Committed or Practicing?

David Cameron reportedly says that he is a “committed Christian” without being a “practising Christian”. Is that possible? There is a temptation to go with the political slant on this statement, because it would seem he is trying to please all, but satisfying none. That aside, is it possible to be committed to Christianity, but not practice your faith?

 

My first thought suggested that there could be a group of people who ‘believe’ in the major parts of the Christian creed, but don’t want to get too close because they know it can be uncomfortable and show up many faults (and there are many!). So we could have a large majority who are ‘committed’ but don’t think they have to go to church to be a Christian, at least in name, or practice their commitment.

 

My second thought was that there could be some church goers, who are actually ‘committed’ to their creed by going to church regularly, but like the others who may not darken the church doors, don’t want to be affected by the message of the gospel, so are not practicing their overt statement of faith.

 

There are the obvious examples of some groups who use the title ‘committed Christian’ to add some weight to their own program. I immediately think of the homosexual community who promote same sex marriage, who often say they are ‘committed Christians’, but do not practice what it says in the only given and accepted Word of God. Oh dear, I have used the trigger words for my internet troll friend ‘Anon’ to respond to that one, but there are others who do the same thing. I have heard it said that you can’t be a Christian and vote ( ) … you can fill in the blank. Then there are those who use Christianity to support their views on Capital Punishment, for AND against. We cannot ignore nations who go to war ‘in the name of their God’ (Christianity being only one faith group here) to prevent wrongs committed in other lands.

 

So, to go back to David Cameron, it is entirely possible that he is using (yes deliberately using) a form of words to make it appear that he is taking policies in the name of Christian principles, when in fact all such people are described this way by Timothy:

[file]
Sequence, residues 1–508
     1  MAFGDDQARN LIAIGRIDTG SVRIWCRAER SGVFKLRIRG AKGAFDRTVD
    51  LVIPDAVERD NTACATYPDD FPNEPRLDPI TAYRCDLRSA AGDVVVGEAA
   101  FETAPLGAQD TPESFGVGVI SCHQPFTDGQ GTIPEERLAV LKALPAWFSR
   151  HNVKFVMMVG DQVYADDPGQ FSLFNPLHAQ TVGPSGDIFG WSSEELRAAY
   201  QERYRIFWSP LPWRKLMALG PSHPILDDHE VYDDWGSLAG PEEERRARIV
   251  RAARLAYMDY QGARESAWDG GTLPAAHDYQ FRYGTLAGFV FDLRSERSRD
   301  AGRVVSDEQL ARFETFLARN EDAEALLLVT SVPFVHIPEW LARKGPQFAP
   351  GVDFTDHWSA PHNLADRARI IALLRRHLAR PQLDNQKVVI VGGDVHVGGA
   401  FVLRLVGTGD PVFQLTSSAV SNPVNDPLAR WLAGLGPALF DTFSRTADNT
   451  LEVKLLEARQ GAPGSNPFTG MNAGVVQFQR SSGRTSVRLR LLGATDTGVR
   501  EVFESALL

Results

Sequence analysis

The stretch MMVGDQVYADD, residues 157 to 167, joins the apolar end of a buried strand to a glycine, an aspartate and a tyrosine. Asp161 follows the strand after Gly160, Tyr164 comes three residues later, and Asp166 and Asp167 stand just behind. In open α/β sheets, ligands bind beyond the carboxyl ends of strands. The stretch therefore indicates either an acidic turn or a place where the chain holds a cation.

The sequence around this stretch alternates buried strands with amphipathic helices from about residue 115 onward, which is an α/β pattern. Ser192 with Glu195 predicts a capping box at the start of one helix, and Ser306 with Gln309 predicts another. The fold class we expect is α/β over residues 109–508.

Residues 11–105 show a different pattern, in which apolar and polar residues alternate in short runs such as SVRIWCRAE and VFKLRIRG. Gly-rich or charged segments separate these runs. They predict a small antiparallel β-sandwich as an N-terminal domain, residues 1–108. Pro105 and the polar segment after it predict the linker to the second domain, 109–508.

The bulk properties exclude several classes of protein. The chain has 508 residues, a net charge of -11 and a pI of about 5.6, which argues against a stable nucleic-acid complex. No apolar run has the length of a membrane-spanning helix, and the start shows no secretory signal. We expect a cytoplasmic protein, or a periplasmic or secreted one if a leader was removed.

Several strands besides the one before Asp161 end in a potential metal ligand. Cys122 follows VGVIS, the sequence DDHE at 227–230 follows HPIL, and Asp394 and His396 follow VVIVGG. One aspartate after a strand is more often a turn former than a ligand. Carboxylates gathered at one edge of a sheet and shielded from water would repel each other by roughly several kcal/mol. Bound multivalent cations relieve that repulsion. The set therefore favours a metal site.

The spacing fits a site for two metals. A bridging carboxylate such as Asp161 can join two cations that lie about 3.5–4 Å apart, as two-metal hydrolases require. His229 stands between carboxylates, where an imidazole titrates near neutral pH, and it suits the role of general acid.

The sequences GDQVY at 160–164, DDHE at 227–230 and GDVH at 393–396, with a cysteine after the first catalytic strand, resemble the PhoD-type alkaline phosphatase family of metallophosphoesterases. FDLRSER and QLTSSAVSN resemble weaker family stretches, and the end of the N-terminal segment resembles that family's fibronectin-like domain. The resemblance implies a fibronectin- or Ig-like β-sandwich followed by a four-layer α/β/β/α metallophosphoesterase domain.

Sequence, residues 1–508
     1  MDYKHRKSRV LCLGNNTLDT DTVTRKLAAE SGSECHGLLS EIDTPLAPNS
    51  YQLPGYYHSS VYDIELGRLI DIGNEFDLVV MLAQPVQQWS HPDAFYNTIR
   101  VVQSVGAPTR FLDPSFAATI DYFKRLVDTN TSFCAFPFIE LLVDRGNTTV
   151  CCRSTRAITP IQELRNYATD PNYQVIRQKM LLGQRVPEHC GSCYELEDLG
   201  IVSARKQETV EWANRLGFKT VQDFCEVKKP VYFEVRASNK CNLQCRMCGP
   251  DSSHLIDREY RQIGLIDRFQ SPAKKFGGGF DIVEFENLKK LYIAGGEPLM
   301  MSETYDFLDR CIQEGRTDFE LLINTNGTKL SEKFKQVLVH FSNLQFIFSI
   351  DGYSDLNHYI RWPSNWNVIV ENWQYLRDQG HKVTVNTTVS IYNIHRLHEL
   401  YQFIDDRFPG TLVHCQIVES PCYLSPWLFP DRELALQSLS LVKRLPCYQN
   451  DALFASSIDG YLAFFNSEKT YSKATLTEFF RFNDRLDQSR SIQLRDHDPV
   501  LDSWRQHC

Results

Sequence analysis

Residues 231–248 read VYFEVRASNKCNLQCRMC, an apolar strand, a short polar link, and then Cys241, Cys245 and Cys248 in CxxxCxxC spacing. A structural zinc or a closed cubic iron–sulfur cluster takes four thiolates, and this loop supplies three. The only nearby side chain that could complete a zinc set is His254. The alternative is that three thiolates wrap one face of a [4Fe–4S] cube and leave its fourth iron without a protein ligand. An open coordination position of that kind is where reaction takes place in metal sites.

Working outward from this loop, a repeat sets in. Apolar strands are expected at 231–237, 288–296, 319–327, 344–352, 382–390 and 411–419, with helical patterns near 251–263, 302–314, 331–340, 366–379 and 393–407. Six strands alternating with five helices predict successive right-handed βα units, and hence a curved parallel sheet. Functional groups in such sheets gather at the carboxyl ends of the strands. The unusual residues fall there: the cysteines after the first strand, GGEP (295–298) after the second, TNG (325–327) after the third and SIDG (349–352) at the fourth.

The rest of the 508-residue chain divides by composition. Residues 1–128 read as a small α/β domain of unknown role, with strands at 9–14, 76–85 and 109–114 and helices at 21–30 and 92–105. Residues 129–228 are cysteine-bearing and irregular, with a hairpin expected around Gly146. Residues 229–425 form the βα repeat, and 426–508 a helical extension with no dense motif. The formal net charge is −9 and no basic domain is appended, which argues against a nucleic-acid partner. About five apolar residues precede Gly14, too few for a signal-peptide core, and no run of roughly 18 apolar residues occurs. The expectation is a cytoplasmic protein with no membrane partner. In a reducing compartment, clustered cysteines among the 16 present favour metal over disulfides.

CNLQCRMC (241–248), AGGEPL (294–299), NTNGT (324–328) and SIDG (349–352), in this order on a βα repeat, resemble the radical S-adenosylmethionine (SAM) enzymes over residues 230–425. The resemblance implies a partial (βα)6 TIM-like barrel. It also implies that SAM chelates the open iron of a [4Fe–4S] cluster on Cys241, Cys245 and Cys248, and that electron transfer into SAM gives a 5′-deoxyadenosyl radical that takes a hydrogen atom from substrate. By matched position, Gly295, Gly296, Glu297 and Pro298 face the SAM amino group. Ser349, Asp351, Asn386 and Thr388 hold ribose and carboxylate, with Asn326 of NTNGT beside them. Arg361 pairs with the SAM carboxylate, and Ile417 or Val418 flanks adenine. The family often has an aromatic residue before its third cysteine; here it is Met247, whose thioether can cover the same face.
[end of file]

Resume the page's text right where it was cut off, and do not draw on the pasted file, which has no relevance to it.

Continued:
…treacherous, rash, conceited, lovers of pleasure rather than lovers of God – having a form of godliness but denying its power. Have nothing to do with such people. 2 Tim 3:4,5 NIV

Know Your Place

Be devoted to one another in love. Honour one another above yourselves. Romans 12:10

 

You must remember the old favourite Sunday School song: “J-O-Y, J-O-Y surely that must mean, Jesus first Yourself last, Others in between”. I remember singing it with gusto when I was 10 years old, little realising the theology that I was enjoying. It seems as we get older, we tend to forget the lessons of our youth, or maybe we think we know better now that we are more mature, and wiser?

 

The lesson here is simple. As the newer gospel song says, “It’s all about You my Jesus”. We need to put Jesus first, but as well as that, we need to put others before ourselves too. If you are really quick, you will see that you and I need to be last in line. The great paradox is that Jesus said “The last shall be first” so there is a reward to come for our  humility in this life.


Unfortunately, I have come across some older, supposedly wiser churchy folks who still think that the Christian life revolves around them. My concern and question is easy: who is qualified to tell them, or should they be left alone? After all, there is always the real possibility that someone could come knocking at my/your door!

Secularism?

Definition: Secularism is the concept that government or other entities should exist separately from religion and/or religious beliefs.

 

For years I have misunderstood what secularism is. I had equated it to a Godless society, where faith is rejected, and yet by definition, nothing could be further from the truth, so in the past I may have spoken out against it in error. You may be like me, so let’s set the record straight. That is why I started with a definition, and not a verse of Scripture, which will come later.

 

The USA is a prime example of a secular nation, and we have no problem with this. The nation was born out of a deep desire of the Pilgrims to escape the worst excesses and abuses of the state sponsored religion of Great Britain. Yes, the UK is still a non secular nation because the Church of England has safe seats in the House of Lords for archbishops, and so has a direct influence on government. That is the link between the state and religion. When America was setting out its Declaration of Independence, it wanted and needed separation of church and state, to protect the religious organisations (mainly but not exclusively Christian) from those state abuses which drove them there in the first place. So far so good.